Driving from Portlaoise to Dublin yesterday, the mountains on the southern skyline were still covered in snow. Still not having mastered the geography of the south-east of Ireland, it took a while to figure out that they must have been the western side of the Wicklow mountains. Hastening back to the gentler climes of south Co Dublin, the thought occurred that next winter would be one lived in Kilkenny, away from the warming influence of the Irish Sea, in an 18th Century house.
Three winters ago, while our new Rectory was being built, we spent a year in a six bedroomed house built in 1876. There was no double glazing, no insulation and every time the wind blew the sash windows rattled and the curtains ballooned outwards. We took to keeping the shutters closed day and night in the hope of keeping out draughts.
It was the writings of Terry Pratchett that taught us the economics of warmth. In one of his books, he described how the rich person would be able to afford a fifty dollar pair of boots. The boots would last ten years and the rich person would have warm and dry feet. The poor person, by contrast, never had enough money to buy a fifty dollar pair of boots, instead a ten dollar pair would be bought, these would be of poor quality, would leave the person with cold and wet feet and they would wear out after a year. Over ten years, the poor person would spend twice as much money on boots as the rich person and would never be warm and dry.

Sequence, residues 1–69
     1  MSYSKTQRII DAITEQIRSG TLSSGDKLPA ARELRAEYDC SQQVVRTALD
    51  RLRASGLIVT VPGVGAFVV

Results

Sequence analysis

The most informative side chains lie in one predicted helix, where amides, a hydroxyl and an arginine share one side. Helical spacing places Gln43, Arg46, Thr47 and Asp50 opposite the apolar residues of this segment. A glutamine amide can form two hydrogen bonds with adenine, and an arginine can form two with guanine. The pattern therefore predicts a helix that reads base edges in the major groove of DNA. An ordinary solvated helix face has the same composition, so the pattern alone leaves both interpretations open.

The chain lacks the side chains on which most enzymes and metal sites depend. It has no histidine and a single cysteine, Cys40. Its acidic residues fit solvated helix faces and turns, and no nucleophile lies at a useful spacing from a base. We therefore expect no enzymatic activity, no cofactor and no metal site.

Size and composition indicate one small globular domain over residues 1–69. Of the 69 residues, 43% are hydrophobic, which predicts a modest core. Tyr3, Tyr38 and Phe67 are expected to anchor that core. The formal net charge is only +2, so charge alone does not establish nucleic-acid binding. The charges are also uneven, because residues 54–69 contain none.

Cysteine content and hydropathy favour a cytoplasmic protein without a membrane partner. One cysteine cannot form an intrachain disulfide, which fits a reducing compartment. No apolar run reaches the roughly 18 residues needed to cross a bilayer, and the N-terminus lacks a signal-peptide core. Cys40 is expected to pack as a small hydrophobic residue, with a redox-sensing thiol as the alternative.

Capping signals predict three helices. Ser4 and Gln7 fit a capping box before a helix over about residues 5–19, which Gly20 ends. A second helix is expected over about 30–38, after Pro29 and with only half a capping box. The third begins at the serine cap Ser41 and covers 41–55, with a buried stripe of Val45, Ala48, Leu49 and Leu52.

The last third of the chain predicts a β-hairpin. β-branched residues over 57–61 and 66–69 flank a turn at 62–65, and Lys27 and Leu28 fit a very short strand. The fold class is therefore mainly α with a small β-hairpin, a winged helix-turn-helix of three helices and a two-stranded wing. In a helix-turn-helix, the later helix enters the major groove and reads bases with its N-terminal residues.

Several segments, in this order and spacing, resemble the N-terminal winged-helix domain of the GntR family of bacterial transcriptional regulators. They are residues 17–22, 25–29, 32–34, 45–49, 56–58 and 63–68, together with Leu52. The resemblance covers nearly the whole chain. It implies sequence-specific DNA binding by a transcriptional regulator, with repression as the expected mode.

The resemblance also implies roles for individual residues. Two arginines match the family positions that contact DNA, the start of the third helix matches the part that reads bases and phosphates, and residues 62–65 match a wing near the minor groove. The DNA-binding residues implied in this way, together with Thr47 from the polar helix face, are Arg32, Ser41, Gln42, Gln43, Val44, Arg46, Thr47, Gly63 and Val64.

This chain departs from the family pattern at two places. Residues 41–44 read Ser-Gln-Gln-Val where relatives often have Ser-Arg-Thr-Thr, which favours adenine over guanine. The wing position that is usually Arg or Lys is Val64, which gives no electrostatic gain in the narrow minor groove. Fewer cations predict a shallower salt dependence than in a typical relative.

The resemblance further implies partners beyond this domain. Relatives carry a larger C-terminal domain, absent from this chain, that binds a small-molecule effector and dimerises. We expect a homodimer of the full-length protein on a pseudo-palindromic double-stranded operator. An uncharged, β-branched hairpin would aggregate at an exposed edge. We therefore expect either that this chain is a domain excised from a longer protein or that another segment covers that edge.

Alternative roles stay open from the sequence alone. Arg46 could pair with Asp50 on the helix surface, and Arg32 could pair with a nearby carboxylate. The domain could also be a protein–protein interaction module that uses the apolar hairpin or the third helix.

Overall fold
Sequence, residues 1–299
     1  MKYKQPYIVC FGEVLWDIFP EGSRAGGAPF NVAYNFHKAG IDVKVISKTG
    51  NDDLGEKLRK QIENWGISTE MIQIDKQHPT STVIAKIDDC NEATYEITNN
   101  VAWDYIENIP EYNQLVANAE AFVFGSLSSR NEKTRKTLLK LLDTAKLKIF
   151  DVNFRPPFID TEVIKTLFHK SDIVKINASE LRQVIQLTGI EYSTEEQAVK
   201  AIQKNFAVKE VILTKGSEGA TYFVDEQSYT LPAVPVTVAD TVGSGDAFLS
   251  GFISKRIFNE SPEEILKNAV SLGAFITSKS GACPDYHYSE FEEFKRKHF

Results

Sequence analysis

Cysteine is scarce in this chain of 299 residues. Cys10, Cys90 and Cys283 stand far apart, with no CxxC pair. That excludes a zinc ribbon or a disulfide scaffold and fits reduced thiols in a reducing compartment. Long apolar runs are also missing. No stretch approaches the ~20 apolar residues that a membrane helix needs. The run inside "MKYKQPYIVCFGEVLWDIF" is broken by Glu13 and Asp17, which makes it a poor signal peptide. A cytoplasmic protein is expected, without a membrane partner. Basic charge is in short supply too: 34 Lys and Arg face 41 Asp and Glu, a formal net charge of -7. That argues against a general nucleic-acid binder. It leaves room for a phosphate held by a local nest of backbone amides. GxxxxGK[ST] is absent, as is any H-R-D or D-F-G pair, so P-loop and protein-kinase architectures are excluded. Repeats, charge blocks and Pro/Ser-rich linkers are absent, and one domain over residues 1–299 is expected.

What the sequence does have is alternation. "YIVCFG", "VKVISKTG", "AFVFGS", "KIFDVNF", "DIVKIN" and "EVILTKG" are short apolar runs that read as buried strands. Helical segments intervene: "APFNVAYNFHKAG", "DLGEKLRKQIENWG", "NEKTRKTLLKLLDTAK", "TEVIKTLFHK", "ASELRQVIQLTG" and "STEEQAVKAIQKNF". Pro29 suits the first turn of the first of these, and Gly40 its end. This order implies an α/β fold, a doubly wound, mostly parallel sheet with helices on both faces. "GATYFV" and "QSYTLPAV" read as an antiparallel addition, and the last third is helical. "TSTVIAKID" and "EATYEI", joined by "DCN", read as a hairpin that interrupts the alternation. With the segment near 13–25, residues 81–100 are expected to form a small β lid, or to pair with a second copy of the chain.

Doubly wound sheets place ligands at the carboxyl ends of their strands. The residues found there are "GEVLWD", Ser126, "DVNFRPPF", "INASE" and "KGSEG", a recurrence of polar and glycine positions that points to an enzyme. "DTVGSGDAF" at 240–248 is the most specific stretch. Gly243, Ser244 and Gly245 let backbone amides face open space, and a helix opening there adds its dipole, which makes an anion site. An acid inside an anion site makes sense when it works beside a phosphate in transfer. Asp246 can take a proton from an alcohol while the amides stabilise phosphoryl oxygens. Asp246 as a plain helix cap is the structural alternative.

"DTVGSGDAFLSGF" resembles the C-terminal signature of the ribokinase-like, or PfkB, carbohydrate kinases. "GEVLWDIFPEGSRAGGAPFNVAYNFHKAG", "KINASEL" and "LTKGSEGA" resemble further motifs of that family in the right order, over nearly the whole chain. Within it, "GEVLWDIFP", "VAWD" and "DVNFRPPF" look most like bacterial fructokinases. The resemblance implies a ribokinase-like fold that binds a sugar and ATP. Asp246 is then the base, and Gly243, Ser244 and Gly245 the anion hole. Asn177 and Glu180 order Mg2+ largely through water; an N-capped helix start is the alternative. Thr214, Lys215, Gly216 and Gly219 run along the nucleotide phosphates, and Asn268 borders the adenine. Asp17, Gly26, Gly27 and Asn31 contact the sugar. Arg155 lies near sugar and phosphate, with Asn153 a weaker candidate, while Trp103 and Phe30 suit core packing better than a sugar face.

In that winter three years ago, our gas bill for two months’ heating, a couple of hours each morning and three each evening in some of the rooms, was €462, about €8 a day. Deciding it might be cheaper just to light a fire in our living room, we bought logs and peat briquettes and bags of coal on a number of occasions. A bale of briquettes cost over €4 and heated the living room, just one room, for an evening.
It didn’t take long to calculate that it would be cheaper simply to turn on the central heating. Why on earth had I seen people of obviously limited means buying briquettes and logs?
Presumably the answer lay in Terry Pratchett’s boot story, they hadn’t the money to afford central heating; were afraid of running up bills they couldn’t manage; or, if they had prepay meters, believed that they were saving money by burning logs or coal or briquettes.
Jesus of Nazareth once said that we have the poor with us always. Had he lived in northern Europe he might have added that they would not only be poor, but they would also be cold, because we had never equipped them to be able to live cheaply.
Pratchett’s lesson will be remembered before the cold sets in next winter.